An entity that is operated for some public purpose, rather than to pursue and accumulate profits. Certain types of profits are permitted, but they must be used for the benefit of the organization. Congress has established specific standards under which nonprofit organizations may seek tax-exempt status. Compare for-profit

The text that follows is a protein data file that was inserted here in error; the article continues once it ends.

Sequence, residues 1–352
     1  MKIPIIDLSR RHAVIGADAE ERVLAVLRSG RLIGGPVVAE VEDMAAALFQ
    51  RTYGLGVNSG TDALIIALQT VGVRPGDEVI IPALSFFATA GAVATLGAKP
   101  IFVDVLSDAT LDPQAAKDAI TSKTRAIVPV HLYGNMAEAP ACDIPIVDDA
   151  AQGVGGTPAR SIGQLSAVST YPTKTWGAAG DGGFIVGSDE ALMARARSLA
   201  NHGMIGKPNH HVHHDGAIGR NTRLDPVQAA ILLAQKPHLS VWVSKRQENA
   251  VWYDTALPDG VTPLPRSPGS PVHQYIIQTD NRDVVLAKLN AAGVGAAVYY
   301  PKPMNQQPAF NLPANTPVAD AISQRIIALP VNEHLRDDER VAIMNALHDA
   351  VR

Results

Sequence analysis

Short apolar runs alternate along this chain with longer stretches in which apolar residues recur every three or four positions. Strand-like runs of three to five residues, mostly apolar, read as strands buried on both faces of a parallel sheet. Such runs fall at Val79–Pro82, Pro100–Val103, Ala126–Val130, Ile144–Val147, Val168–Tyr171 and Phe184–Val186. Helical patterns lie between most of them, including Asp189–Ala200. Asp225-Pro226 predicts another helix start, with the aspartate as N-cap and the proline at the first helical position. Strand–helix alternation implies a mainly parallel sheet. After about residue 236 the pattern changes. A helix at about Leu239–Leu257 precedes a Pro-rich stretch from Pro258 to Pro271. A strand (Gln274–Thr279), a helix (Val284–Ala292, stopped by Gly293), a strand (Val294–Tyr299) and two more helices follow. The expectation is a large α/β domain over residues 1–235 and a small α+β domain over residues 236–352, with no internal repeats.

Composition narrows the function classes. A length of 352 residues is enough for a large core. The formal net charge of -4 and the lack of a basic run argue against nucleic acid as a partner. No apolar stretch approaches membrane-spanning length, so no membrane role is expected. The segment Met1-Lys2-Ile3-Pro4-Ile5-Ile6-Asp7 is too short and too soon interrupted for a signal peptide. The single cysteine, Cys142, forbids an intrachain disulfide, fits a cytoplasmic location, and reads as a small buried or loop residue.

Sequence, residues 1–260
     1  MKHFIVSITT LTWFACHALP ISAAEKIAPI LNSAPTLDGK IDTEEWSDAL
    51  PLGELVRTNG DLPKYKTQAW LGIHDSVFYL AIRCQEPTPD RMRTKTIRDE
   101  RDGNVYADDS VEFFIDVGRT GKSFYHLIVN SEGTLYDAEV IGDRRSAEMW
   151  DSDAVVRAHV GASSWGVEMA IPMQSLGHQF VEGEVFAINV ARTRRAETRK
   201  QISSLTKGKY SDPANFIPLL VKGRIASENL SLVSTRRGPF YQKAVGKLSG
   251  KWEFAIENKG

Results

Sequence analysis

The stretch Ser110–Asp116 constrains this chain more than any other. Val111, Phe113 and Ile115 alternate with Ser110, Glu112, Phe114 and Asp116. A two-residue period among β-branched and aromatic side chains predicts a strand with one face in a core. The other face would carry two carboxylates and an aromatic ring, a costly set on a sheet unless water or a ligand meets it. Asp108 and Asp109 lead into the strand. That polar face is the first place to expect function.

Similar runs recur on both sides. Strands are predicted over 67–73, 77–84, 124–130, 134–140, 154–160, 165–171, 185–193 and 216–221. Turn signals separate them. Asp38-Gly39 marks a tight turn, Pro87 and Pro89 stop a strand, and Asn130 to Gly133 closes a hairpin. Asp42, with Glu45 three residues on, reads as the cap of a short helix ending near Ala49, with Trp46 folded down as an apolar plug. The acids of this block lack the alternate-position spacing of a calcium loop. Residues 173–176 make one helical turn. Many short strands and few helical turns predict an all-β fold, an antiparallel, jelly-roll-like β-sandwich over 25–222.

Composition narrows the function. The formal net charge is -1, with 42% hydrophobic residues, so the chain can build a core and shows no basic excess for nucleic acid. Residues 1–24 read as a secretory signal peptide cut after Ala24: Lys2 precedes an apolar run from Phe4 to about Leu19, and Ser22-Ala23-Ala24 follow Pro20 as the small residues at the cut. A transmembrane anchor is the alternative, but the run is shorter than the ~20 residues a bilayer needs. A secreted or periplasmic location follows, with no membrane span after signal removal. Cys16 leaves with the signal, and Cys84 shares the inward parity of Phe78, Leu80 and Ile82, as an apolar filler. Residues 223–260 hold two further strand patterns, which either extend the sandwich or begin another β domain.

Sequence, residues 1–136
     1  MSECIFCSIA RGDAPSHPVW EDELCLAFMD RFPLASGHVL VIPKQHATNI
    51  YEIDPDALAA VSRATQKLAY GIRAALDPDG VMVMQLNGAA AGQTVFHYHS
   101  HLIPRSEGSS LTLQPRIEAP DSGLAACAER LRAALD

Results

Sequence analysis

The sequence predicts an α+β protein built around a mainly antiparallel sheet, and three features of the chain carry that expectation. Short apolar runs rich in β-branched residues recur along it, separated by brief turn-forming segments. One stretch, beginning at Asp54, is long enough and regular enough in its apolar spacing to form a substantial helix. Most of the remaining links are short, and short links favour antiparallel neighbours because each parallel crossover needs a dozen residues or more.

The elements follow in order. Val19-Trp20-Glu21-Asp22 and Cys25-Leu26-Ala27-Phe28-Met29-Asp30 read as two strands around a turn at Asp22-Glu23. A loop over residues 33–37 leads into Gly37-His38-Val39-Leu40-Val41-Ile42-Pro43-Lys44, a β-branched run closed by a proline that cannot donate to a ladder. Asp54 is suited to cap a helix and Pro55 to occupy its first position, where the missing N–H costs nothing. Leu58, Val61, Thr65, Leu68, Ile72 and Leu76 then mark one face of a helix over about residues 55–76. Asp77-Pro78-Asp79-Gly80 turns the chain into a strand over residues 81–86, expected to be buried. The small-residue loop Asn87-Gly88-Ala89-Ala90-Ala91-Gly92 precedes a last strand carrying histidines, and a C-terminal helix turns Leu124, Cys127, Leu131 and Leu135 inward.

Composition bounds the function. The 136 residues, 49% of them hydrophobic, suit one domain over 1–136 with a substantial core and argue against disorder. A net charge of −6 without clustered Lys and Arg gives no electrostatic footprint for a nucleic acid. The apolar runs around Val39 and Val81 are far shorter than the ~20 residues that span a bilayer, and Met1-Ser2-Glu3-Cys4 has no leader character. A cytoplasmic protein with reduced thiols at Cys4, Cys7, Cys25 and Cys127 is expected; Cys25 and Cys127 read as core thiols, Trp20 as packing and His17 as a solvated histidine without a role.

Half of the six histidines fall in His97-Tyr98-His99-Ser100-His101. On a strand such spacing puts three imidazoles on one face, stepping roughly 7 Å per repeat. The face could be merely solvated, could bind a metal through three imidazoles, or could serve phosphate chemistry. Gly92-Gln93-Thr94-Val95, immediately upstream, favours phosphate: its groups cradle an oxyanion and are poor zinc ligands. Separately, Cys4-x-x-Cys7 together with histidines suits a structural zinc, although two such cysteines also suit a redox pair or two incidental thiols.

A 2006 report by the Congressional Budget Office estimated that in 2002 nonprofit hospitals benefited from $2.5 billion in tax savings that resulted from their corporate tax exemption, plus an additional $1.8 billion in reduced interest expenses from issuing tax-exempt debt securities. The reduced borrowing cost results from the lower interest rate that is acceptable to investors who are not required to pay personal income taxes on interest income derived from tax-exempt securities. The result was that nonprofit hospitals enjoyed a significantly lower cost of capital compared to their for-profit competitors. One study indicated that in 2006 for-profit hospitals had a cost of capital of 12.9%, while nonprofit hospitals had a cost of capital of only 10.8%. The financial advantage accorded these nonprofit organizations results from the expectation they will provide community benefits, including charity care, health screening, health education programs, and emergency room services. More than half of community hospitals providing short-term care are nonprofit, while the remaining institutions were approximately evenly split between for-profit and government-owned hospitals.